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Journey Paperback – Large Print, October 23, 2001
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It's amazing to think that Journey is Danielle Steel's 50th novel. What's even more amazing is the high standard she has maintained throughout all her books: when an author is this prolific, there is usually a falling off in inspiration, but Steel seems able to add new elements to each book that keep the level of invention fresh. Journey uses elements familiar from earlier Steel bestsellers, but manages a totally novel spin on the private problems of a very public marriage.
Madeleine and Jack Hunter are one of Washington's glittering couples. Jack is the head of a TV network, while Maddy is an award-winning anchorwoman. All around, people regard them as a golden couple: he advising the president on media issues, she at the top of the tree in her profession. Needless to say, the relationship we are shown behind the closed doors of their lavish Georgetown home is far more troubled than the public could ever know. As Maddy enjoys more and more career success, Jack's resentment and desire for control grow daily, and her life becomes hell in this fracturing marriage. Steel manages, as always, to convey character in concise paragraphs:
The diamond studs and her eight-carat engagement ring were her prize possessions. Not bad for a kid from a trailer park in Chattanooga, she often admitted to him, and he called her "poor white trash" when he wanted to really tease her. It was obvious that he thought calling her that was funny...When Maddy joins the president's wife in the latter's newly formed commission on violence against women, the grim stories she hears from other terrified wives start her on a journey which will help her break the cycle of fear she is living through. Steel makes this situation resonate with a strong emotional impact, and the dark marriage is painted with the kind of skill we have come to expect from her. When Bill Alexander, a high-flying scholar and diplomat, enters the narrative and realizes what is happening in Maddy's marriage, the story is taken to a powerful new level, with their growing affection treated intelligently and sympathetically. --Barry Forshaw --This text refers to the Hardcover edition.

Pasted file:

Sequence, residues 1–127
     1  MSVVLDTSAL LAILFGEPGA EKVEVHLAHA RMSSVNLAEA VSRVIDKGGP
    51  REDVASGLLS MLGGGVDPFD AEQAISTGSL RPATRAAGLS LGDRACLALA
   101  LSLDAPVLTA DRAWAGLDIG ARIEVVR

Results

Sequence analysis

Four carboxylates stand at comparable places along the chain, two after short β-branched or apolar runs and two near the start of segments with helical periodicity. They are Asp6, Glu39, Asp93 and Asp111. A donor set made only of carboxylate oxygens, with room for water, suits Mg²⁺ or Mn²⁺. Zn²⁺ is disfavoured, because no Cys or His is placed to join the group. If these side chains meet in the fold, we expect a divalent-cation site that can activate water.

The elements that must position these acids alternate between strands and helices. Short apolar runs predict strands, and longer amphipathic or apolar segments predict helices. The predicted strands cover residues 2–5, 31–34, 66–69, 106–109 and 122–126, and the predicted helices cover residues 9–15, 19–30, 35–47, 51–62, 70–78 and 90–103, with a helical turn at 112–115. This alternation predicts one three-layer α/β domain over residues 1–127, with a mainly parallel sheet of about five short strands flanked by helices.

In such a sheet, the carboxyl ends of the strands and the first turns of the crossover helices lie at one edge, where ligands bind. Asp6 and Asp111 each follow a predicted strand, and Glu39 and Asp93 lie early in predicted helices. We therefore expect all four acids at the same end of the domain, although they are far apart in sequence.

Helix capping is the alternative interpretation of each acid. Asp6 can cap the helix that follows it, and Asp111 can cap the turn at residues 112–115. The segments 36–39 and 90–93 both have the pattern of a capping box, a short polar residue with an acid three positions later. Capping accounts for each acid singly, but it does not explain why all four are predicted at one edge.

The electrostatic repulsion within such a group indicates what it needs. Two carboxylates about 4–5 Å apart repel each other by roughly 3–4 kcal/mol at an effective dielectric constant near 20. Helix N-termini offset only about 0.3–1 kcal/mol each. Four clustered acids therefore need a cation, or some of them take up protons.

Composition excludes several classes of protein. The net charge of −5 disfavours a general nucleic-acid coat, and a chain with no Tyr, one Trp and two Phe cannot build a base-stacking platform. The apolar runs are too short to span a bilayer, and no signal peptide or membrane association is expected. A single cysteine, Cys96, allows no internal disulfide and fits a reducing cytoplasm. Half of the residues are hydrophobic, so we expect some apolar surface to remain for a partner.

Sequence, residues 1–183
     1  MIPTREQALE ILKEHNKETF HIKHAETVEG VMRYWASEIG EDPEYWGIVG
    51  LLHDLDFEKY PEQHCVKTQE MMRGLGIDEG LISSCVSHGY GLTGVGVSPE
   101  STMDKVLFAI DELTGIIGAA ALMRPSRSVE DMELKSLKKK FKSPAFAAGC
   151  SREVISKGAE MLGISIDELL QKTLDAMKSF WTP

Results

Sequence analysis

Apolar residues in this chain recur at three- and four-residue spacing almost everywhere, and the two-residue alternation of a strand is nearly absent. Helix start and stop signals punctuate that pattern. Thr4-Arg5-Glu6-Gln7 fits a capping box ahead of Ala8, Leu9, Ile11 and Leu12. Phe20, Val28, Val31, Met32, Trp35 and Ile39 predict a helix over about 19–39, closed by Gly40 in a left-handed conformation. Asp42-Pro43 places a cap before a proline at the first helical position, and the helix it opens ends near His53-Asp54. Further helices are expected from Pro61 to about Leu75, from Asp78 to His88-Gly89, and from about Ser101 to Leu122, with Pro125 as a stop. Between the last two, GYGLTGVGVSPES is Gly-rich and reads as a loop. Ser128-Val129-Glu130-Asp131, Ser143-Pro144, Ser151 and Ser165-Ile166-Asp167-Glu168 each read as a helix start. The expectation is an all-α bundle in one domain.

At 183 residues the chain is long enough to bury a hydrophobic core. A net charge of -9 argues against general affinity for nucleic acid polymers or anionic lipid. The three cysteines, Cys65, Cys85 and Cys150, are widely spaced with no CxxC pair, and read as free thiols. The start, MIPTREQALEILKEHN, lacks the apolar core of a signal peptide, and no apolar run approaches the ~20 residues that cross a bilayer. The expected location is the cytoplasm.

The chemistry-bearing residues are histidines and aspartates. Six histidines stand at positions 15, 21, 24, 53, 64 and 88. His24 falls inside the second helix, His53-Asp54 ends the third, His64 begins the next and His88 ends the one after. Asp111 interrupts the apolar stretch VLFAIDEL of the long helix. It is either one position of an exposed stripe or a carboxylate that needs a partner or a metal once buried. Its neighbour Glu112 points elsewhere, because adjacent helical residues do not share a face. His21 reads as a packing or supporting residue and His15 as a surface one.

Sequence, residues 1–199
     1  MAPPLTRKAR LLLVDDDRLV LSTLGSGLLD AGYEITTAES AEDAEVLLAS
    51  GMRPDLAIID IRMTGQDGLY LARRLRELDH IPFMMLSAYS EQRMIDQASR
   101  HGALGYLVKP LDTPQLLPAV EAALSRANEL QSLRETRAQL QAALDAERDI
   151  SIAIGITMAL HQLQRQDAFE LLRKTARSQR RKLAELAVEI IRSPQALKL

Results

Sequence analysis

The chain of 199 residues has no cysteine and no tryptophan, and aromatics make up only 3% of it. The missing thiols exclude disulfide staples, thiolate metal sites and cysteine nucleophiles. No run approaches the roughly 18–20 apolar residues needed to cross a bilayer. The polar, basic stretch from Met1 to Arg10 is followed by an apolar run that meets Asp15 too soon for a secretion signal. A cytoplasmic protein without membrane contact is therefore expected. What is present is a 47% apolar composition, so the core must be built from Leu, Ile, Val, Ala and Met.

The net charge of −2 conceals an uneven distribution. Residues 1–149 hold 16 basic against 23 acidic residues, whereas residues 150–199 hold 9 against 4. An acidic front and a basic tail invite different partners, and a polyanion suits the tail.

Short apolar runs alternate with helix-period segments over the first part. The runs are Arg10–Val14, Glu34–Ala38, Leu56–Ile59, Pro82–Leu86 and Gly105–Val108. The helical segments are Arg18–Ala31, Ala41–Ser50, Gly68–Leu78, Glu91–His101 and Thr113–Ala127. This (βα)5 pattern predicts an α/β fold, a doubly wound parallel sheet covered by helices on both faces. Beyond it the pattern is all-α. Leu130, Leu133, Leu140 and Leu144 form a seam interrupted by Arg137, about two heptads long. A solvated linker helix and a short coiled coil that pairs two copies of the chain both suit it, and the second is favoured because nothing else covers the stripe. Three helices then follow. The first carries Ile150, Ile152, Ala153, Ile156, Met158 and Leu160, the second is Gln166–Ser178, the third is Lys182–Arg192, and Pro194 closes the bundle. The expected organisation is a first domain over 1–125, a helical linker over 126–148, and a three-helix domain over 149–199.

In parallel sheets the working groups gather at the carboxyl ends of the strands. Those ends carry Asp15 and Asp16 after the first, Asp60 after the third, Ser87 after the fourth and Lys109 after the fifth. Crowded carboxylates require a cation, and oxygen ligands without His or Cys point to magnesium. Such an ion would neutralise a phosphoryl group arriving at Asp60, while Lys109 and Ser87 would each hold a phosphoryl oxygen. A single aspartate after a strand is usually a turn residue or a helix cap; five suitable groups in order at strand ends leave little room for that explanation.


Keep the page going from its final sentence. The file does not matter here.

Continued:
From Publishers Weekly
Marital abuse in its most insidious form is the focus of Steel's (The House on Hope Street, etc.) dependable page-turner, her 50th novel. To the outside world, Washington, D.C., television coanchor Maddy Hunter appears to have an enviable life. Married to her boss, former football star-cum-media mogul Jack Hunter, she's got brains, beauty, a prestigious job, a glamorous marriage and all the trappings of success. Yet MaddyAwhose current husband saved her from a physically abusive former spouseAis trapped in another relationship that's as devastating and destructive as her first. Jack doesn't hit Maddy, but he subjects her to mind games, put-downs and constant undermining; it's obvious psychological abuse to observers, though not to Maddy. Using Maddy's participation in a commission on violence against women chaired by the nation's First Lady, Steel explicates the various forms of spousal abuse, and although the text occasionally gets preachy, the desperate plight of women who remain in destructive situations is clearly delineated. Meanwhile, Maddy warily builds a friendship with Bill Alexander, a fellow committee member and former ambassador to Colombia whose wife was killed by kidnappers. Maddy's experience interacting with women like herself and the appearance of a daughter she gave up for adoption as an unwed teenager (and whom Jack forbids her to see) both have an impact. Still, it takes a life-threatening event to convince her finally to change her life and accept the gift of a good man's love. Steel has her formula down pat, and she executes her story with her usual smooth pacing.
Copyright 2000 Reed Business Information, Inc. --This text refers to the Hardcover edition.
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Maybe such a serious subject did not warrant a glamorous backdrop.
Sorry some of us endure it without the glitz.